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Mungenast, Felicitas; Aust, Stefanie; Vergote, Ignace; Vanderstichele, Adriaan; Sehouli, Jalid; Braicu, Elena; Mahner, Sven; Castillo-Tong, Dan Cacsire; Zeillinger, Robert; Thalhammer, Theresia (2017): Clinical significance of the estrogen-modifying enzymes steroid sulfatase and estrogen sulfotransferase in epithelial ovarian cancer. In: Oncology Letters, Vol. 13, No. 6: pp. 4047-4054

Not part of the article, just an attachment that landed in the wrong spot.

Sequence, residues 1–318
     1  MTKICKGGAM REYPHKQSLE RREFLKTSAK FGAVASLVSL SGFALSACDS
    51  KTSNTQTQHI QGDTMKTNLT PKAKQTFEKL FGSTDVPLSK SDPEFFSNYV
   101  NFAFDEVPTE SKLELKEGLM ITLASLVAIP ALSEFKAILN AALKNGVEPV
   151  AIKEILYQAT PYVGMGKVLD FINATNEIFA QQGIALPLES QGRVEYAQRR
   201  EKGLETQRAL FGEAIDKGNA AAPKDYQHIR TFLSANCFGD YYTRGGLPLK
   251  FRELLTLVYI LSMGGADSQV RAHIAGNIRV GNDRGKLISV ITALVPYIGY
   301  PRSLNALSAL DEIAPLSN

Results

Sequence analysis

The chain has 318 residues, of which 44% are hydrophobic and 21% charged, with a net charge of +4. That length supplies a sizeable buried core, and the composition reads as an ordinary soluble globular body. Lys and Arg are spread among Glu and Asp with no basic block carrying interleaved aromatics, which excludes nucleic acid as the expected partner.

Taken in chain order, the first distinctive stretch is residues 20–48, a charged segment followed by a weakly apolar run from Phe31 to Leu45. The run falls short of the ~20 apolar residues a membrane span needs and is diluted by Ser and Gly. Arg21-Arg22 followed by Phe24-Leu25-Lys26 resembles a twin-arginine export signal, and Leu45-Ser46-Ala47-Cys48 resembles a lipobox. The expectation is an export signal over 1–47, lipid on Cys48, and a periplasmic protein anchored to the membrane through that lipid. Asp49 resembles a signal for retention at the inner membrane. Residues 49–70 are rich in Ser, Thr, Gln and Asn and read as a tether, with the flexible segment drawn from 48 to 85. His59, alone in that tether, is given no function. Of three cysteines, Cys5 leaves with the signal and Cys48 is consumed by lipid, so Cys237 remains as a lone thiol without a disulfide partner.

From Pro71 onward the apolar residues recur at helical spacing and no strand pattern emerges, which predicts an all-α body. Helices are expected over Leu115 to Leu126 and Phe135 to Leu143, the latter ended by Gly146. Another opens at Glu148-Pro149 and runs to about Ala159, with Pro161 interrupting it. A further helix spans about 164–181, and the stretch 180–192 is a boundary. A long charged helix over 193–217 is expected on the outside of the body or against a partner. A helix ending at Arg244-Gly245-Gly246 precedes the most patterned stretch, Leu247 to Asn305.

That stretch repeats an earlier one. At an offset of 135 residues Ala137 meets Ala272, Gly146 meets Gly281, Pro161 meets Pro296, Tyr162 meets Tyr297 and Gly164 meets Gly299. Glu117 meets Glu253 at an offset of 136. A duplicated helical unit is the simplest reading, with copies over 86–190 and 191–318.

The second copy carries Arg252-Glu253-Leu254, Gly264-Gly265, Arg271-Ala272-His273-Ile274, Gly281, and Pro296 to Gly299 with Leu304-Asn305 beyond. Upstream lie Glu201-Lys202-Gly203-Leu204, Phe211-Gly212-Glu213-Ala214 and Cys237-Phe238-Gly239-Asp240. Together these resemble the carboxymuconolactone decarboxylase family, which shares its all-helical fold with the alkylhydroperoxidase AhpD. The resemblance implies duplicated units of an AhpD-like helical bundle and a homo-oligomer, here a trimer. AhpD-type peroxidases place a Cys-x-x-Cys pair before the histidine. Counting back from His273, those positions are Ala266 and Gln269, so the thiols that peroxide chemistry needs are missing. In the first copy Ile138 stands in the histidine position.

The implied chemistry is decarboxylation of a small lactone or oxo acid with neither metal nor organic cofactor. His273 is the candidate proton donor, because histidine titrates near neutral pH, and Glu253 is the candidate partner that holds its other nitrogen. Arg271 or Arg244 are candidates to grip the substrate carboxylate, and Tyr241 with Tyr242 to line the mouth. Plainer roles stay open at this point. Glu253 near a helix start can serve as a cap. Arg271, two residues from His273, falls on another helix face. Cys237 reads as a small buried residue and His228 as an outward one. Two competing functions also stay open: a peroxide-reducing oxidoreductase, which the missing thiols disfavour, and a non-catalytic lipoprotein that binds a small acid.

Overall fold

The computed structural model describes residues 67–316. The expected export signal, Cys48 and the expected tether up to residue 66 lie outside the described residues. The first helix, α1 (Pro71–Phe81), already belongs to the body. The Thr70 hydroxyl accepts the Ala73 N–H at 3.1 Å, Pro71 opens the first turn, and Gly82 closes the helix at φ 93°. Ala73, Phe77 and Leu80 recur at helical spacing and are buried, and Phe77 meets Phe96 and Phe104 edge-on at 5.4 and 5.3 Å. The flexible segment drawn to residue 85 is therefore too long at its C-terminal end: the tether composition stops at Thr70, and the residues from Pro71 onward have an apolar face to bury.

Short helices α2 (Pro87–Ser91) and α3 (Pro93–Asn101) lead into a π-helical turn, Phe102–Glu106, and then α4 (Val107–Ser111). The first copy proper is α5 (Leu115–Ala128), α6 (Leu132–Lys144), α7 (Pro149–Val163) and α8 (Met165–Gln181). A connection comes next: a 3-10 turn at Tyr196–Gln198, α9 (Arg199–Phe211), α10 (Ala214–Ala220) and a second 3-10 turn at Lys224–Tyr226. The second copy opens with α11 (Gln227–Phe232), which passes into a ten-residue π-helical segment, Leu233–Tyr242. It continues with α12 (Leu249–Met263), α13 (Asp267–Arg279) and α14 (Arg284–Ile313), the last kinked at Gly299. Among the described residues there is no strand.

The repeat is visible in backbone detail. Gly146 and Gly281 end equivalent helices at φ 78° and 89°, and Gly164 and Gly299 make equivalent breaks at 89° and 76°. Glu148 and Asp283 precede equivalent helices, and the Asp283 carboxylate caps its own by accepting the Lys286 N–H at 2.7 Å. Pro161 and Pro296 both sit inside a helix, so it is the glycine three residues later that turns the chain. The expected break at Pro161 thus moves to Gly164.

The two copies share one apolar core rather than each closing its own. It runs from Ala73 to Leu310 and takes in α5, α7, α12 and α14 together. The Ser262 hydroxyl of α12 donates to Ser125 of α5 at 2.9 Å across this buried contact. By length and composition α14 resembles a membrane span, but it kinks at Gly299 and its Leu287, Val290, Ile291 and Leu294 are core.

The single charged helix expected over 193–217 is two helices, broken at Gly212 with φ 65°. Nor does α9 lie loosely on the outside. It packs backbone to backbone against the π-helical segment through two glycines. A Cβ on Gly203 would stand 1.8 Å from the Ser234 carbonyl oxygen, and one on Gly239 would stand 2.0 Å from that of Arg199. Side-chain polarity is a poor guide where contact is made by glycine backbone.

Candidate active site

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17 beta-estradiol (E2) can contribute to the progression of epithelial ovarian cancer (EOC). Although the majority of patients with EOC are postmenopausal woman, when de novo estrogen production in the ovary has ceased, ovarian cancer cells remain exposed to estrogens synthesized locally in the cancer cells from inactive sulfonated steroid hormone precursors-such as estrone sulfate taken up from the circulation via the sulfatase pathway. An abundance of the estrogen-modifying enzymes, including estrogen-activating steroid sulfatase (STS) and estrogen-inactivating estrogen-sulfotransferase (SULT1E1), is important for providing active estrogen to EOC cells. Therefore, the present study determined the levels of SULT1E1, STS and estrogen receptor alpha (ER alpha) protein in paraffin-embedded specimens from 206 patients with Federation of Gynecology and Obstetrics stage II-IV EOC treated with debulking surgery and standard platinum-based adjuvant chemotherapy. The levels of STS, SULT1E1 and ER alpha were assessed by automated quantitative microscopy-based image analysis subsequent to immunohistochemical staining. Significantly higher SULT1E1 levels were observed in better differentiated EOC tumors compared to grade 3 EOC tumors (P=0.001). STS and SULT1E1 levels were positively associated with ER alpha abundance (P<0.001 and P=0.001, respectively). In advanced stage high-grade serous EOC (HGSOC;n=132), the most frequent and lethal type of ovarian cancer, SULT1E1 expression was significantly associated with a better overall survival rate (hazard ratio 0.66, 95% confidence interval, 0.45-0.94;P=0.005). These results highlight the importance of SULT1E1-mediated estrogen inactivation in EOC, particularly HGSOC. Therefore, targeting the sulfatase pathway is a potential endocrine therapeutic intervention for certain patients with estrogen-responsive EOC.